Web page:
Here’s the science behind when your weight loss hits a plateau

Kevin Hall, a National Institutes of Health researcher, found that people's appetite increases as they lose weight, to the point where it partially or entirely negates their effort to lose in the first place.

Prepare for the day when your scale’s digits freeze, signaling the arrival of the weight loss plateau.

Kevin Hall, a National Institutes of Health researcher specializing in assessing metabolism and weight change, examined when weight loss usually ceases depending on the strategy people use to lose pounds. His study was published on Monday in the medical journal Obesity, CNN reported. 

Hall used data from high-quality clinical trials of various weight-loss strategies to break down the plateau into mathematical models to understand why people stop losing weight when they do.

Ozempic, Wegovy, weight loss drugs,
An NIH researcher found when weight loss might stop based on the method used to shed pounds. (Adobe Stock)

Hall discovered that the doubled time it takes to reach a plateau accounts for a portion of the effectiveness of gastric bypass surgery and novel weight-loss medications like Wegovy and Zepbound

According to CNN, the body regulates weight by balancing the calories we eat and burn. The urge to eat more arises as we burn off calories and use up our stored energy.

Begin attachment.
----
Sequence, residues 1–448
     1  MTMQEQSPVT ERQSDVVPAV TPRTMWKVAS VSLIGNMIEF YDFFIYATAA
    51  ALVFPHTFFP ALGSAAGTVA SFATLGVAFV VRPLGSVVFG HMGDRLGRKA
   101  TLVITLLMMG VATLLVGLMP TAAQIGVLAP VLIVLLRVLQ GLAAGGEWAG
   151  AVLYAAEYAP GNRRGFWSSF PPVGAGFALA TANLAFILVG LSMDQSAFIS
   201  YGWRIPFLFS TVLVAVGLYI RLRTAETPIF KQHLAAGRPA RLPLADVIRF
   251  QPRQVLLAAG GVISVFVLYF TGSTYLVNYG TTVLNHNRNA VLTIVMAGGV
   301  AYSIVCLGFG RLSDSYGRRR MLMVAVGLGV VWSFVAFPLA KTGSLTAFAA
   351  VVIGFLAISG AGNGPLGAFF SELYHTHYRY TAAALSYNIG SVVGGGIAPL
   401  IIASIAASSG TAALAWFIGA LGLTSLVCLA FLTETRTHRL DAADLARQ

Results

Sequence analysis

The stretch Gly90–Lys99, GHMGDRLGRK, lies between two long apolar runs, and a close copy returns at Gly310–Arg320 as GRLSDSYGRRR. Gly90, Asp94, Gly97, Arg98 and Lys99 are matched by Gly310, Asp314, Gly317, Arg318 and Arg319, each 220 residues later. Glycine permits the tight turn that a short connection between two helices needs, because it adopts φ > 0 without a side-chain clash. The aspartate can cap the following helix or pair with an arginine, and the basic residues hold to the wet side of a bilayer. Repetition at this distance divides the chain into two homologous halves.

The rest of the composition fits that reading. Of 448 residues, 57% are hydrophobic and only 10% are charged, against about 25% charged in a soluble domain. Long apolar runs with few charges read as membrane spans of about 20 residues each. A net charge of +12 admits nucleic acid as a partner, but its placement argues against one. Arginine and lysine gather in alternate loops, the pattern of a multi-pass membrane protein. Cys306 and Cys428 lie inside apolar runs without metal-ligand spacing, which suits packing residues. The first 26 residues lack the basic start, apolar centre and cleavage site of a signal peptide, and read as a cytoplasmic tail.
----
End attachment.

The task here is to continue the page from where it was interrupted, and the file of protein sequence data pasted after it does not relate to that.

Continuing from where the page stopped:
Hall’s research notes that people’s appetite increases as they lose weight to the point where it partially or even entirely negates their effort to lose in the first place.

To explore the trajectory of weight reduction using calorie restriction alone, Hall re-created the weight loss seen in the CALERIE study by randomly allocating 238 adults to either two years of eating as they usually would or a 25% calorie restriction diet. Funded by the NIH, CALERIE, an acronym for Comprehensive Assessment of the Long-term Effects of Reducing Intake of Energy, took place between 2007 and 2010.

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Adults in the calorie-reduction group dropped, on average, 16 pounds. The group that stuck to their regular diets put on roughly 2 pounds.

Despite maintaining their efforts for two years, the CALERIE research participants’ weight loss ceased at the 12-month point because their hunger increased to compensate for the weight loss.

Hall’s model participants whose diets began at 2,500 calories per day would need to reduce their daily caloric intake by little more than 800 to see the weight reduction shown in that study. Their bodies reacted by telling them to increase their daily caloric intake by an estimated 83 calories for each kilogram of weight lost.

One kilogram is approximately 2.2 pounds. According to Hall’s study, for every 2.2 pounds of weight participants lost, their appetite increased by 83 calories daily. On average, the participants reported a weight loss of 7.5 kilograms, or 16 pounds, meaning that at their lowest weights, they felt the need to consume 622 more calories daily than before they started their weight loss journey.

However, they weren’t genuinely consuming 622 additional calories each day; rather, that represents the increased hunger they were experiencing while maintaining their initial 800-calorie deficit.

Hall said participants were still making a solid effort to eat less after the trial. Still, they could only reduce their daily calorie intake by roughly 200 instead of the 800 they had aimed for, and their weight reduction stopped as a result, CNN reported.